Once you have the top panel completed we need to figure out how much pace to leave for the small panel we created. Based on the panel used, we needed to create two and three columns on either side (alternating 2 hexies and 3 hexies going down).
We continued these two columns for 7 rows (including the top and bottom half hexie rows). Then continued to add the same half hexie - full hexie - half hexie rows as we did on the top.
The final piecing worked out to be 9 columns and 11 rows with a "square" cut out of the middle. The diagram below shows you how to piece them together.
Once this panel is completed, using a starch alternative (Best press) you can press you panel, ensuring the seams are all pointing in the same direction.
NOTE: Do not press the hexies before you have completed your panel, as the angles of the hexagon are cut on the bias they will distort the share of your hexie if you press prior to having completed your panel.
Attaching the Panel.
Next we need to add in the small panel. Mark 1/4" (0.6cm) from each corner. This will be your stitching start and stop lines.
Place the panel right together matching the raw edge of the top of the panel with the raw edge of the top of the opening left by the hexagons.
Stitch this seam with the same 1/4" seam allowance.
Then match up the bottom of the panel with the bottom of the hole you left, being careful not to twist the hexie panel. (this is best explained in the video).
Then stitch the seam at 1/4" starting and stopping between each dot your drew. Ensure you back stitch at the start and end of each seam.
Once you are done, the front of your panel should be stitched on the top and bottom with the sides left open.
In order to stitch the sides of the panel, we need to first create some ease for the fabric to turn properly. To do this, turn your panel so that the wrong side is face up. Then clip on a diagonal up to the start of the stitching lines in all four corners.
This allows you to place the side of the panel and the hexie panel right sides together without any puckering in the fabric.
Pin (one side at a time) in place and stitch, starting and stopping on the dots where the top and bottom seams start and finish. Do not go past these dots and ensure you back stitch at the start and end of these seams.
Repeat for the other side.
Trim away the excess hexagons so that the seam allowance is 1/4" on both sides.
Press the seams towards the centre (the inner panel). Then true up the edges of this back panel to match the pattern piece on the Beatrix Bag pattern.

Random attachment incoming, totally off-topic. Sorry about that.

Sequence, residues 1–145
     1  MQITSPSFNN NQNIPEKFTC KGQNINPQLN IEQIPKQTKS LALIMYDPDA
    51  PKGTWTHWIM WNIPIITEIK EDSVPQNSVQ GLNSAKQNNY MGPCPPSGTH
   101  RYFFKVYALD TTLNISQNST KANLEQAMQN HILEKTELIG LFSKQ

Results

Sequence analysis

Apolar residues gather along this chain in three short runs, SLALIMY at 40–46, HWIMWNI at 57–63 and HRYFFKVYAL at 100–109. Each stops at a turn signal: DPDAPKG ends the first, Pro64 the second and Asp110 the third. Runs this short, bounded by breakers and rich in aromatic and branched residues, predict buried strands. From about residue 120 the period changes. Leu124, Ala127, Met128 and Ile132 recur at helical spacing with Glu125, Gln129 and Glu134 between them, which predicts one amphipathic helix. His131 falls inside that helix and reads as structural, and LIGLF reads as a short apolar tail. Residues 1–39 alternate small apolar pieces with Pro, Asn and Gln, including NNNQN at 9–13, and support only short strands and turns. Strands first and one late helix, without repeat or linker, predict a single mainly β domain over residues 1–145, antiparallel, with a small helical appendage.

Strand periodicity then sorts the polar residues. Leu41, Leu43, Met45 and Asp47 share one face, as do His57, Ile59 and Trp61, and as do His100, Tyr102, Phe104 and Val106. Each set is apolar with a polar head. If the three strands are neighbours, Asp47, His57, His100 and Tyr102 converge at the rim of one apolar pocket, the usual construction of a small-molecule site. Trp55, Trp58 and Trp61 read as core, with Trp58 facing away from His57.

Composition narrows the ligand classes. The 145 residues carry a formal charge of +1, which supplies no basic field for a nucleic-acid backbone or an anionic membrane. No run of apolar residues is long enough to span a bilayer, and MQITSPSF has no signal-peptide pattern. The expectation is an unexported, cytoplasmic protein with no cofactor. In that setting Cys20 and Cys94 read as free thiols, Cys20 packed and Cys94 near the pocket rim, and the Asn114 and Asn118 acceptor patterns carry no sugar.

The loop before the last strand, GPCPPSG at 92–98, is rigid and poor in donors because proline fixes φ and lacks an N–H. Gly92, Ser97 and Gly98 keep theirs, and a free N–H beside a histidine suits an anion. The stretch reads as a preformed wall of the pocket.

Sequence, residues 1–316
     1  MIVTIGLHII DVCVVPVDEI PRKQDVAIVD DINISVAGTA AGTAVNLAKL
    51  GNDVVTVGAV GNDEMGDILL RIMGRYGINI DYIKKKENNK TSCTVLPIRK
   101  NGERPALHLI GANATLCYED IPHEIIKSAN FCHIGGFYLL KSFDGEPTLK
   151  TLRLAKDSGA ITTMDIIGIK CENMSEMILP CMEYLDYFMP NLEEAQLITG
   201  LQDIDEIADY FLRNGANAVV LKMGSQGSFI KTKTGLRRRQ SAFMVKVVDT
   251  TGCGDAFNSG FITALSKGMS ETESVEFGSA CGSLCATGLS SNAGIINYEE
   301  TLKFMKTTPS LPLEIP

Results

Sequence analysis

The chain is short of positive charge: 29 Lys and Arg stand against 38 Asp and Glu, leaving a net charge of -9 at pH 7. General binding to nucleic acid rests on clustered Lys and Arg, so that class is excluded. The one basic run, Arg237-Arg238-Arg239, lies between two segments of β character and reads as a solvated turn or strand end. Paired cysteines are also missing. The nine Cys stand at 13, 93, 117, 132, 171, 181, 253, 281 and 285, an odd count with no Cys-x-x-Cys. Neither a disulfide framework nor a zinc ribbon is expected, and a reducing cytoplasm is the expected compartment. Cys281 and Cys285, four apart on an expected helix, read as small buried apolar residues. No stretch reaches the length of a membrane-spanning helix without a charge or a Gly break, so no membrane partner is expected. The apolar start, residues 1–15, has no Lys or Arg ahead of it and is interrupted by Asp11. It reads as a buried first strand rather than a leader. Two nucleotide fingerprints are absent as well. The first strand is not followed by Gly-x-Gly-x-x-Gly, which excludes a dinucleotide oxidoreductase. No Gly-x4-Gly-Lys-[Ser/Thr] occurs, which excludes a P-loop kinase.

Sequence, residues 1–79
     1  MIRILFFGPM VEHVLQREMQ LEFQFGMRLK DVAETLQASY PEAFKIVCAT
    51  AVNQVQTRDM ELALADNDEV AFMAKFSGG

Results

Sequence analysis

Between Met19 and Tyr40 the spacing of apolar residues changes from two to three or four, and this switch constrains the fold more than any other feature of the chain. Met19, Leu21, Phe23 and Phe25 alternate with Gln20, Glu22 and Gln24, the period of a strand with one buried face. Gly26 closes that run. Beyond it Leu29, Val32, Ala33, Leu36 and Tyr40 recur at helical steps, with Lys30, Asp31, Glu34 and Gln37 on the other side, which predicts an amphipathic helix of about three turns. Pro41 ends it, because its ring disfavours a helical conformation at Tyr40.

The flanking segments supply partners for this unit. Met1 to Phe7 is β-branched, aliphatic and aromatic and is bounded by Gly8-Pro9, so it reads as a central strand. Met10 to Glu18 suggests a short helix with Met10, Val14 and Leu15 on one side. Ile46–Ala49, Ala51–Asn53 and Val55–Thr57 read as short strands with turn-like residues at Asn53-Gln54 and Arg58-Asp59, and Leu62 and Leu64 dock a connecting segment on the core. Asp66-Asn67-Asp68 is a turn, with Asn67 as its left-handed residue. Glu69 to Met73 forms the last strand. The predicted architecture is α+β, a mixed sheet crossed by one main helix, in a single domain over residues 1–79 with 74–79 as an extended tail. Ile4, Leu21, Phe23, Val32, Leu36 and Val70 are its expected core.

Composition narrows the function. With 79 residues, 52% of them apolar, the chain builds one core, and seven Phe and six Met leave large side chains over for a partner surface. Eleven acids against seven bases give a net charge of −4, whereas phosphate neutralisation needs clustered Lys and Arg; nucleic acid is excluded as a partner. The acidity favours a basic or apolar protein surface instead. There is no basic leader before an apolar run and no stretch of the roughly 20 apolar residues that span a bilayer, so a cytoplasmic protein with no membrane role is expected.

Putting it all Together.
Next, I decided to use 100% cotton quilt batting for my exterior panels (unlike the fusible fleece and heavyweight interfacing called for in the bag pattern). As quilt batting does not fuse to the fabric, I used 505 Spray adhesive to hold my layers together. (Though you could also pin baste this in place).
Next, you can quilt your panels however you like.
I decided to quilt around the perimeter of the boarder (both inner and outer) for the hexagon panel. For the front panel, I outlined the vertical strips we added. I also quilted the bottom in a 1" grid and the sides of the bag in 1" vertical lines.
You complete the rest of the bag according to the pattern instructions.
Two Toned Straps.
Now, if you want some extra finesse for the bag straps, I wanted to show you how you can create a two toned strap using the boarder strips.
After you select the strip you would like to use (you are going to have to piece two strips together to get the correct length required in the pattern), cut two more strips 1/4" narrower than the patterned strip in a contrasting fabric.
With right sides together, place the contrasting fabric strips on the patterned strip and sew together along the length of the strap.
Press the seams towards the contrast fabric.
Press the contrast fabric towards the centre of the strip (on the wrong side), as you would when creating bias tape. Leave the 1/4" seam allowance as the guide for where to fold, achieving the two toned straps for your bag.
Next, pin this strap piece to the main strap (created using the pattern piece from the Beatrix bag).
I decided to zig-zag this in place to create a decorative element for the straps.
Now all that is left to do is complete the bag, as per the pattern.
The Beatrix Bag Quilted Hack